Finding and Turning Off a Car's Black Box

Does your car have an event data recorder?

If you bought your car within the last few years, it contains a black box. These devices are called event data recorders (EDRs) EDRs keep track of everything from how fast you were traveling prior to an accident to whether you were wearing your seatbelt at the time.

According to the National Highway Traffic Safety Administration (NHTSA), 95 percent of vehicles sold in the United States contain some form of EDR. Even in the early 2000s, black boxes were installed in tens of millions of vehicles sold in the United States.

Since event data recorders are integrated into the electronic control systems of the cars they monitor, and many are built into airbag control units, unplugging or turning them off is usually not an option.

So, where do you go from there?

How to Identify Whether Your Car Has a Black Box

The easiest way to find out whether your car has a black box is to read the owner's manual. Although the NHTSA refused to order manufacturers or dealers to disclose the presence of EDRs when the agency first ruled on the matter in 2006, it issued a regulation that requires some form of disclosure in the owner's manual.

If an EDR isn't mentioned in the owner's manual, and the car was built after the 2006 ruling standardizing black boxes, there may not be a black box in the car.

The 2006 ruling gave automakers six years to comply. That means cars and trucks built between 2006 and 2012 could have EDRs without any form of disclosure. And one year after the ruling became enforceable, 96 percent of all new vehicles in the US came with EDRs installed.

Turning Off or Removing Event Data Recorders

Turning off, disabling, or removing an EDR is typically difficult or impossible. The difficulty is because the location and appearance of an EDR may vary from one make to another and even within different models produced by the same manufacturer.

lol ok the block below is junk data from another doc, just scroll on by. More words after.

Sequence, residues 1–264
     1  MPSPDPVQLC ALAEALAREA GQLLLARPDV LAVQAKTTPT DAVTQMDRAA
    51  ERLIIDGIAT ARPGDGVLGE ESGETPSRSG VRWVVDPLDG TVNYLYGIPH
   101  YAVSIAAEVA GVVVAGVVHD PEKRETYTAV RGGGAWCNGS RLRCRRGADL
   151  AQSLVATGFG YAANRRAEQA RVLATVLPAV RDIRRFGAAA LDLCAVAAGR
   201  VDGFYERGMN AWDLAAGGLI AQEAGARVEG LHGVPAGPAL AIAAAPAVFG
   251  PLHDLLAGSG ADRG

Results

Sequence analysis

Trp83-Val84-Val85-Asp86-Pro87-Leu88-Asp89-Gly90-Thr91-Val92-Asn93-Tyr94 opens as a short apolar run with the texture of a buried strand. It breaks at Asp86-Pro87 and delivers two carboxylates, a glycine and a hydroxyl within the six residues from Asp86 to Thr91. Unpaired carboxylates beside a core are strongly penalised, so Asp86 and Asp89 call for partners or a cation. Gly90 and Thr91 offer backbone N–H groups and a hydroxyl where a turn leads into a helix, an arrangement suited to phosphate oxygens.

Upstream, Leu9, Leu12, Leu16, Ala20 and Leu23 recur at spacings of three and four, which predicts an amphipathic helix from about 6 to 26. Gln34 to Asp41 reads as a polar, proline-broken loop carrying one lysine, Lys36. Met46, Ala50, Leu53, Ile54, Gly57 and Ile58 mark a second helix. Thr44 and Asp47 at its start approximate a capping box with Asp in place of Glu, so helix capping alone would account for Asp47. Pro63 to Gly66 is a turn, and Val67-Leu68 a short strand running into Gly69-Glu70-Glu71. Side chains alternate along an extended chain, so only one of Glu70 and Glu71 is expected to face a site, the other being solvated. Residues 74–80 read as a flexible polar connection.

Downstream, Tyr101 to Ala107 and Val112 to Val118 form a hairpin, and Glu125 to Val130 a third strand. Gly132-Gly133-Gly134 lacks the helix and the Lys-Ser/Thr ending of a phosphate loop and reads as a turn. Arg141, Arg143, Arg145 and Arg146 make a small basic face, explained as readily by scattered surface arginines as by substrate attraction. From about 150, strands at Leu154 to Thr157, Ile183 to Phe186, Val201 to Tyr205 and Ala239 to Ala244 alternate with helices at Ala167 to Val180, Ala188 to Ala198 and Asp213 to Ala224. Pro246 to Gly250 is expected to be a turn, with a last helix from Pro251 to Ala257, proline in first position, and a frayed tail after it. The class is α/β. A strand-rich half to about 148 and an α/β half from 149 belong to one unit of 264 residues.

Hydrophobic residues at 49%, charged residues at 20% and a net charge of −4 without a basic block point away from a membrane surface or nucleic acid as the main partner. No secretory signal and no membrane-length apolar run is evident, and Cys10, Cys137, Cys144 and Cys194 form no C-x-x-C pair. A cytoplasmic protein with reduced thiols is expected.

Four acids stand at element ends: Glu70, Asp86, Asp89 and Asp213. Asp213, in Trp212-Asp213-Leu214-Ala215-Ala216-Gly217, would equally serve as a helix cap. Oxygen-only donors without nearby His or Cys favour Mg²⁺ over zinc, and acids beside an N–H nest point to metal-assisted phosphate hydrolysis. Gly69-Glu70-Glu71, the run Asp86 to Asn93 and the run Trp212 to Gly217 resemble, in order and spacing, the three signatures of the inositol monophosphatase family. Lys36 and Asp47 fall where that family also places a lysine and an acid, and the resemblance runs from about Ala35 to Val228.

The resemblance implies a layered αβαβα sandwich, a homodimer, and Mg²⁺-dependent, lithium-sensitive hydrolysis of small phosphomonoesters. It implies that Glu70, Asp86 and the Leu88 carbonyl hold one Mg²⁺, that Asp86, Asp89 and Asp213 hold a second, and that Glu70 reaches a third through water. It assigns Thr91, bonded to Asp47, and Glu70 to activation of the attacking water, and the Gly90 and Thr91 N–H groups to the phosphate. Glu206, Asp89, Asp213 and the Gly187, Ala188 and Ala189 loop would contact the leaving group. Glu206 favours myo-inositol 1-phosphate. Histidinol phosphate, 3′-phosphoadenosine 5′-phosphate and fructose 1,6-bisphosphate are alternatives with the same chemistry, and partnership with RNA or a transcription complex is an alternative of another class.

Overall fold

The other issue is that EDRs are often built into an airbag control module, secondary restraint system (SRS) module, or electronic control module (ECM), which means they cannot be removed or tampered with.

Even when a vehicle has a discrete component that only functions as an EDR, it is almost always tied into the airbags or SRS in some way. This is particularly true of newer vehicles, and even if you locate a discrete EDR, the airbags may deploy as soon as you tamper with it.

If you want to disable or remove the EDR in your car, look for someone who has successfully done so with a vehicle that precisely matches the make, model, and year of yours and then proceed from there.

There are potential consequences of tampering with an EDR that go beyond accidentally deploying the airbags. For instance, tampering with these devices is illegal in some jurisdictions. To be safe, check your local laws before removing an EDR.

Buying a Car Without a Black Box

Although it may be difficult or impossible to disable the EDR in your car, you could buy a used vehicle that doesn't have one. In some cases, you will have to dig pretty deep, but there are other automakers that jumped on the bandwagon recently.

While there isn't a comprehensive list of vehicles that do or don't have EDRs, one place to start your research is with the companies that build the devices that interface with EDRs. These companies provide lists of vehicles that their equipment is compatible with.

Companies that offer accident investigation services also provide lists of vehicles that they can pull data from. Find a vehicle that isn't on one of those lists, and you may have found a car that doesn't have a black box.

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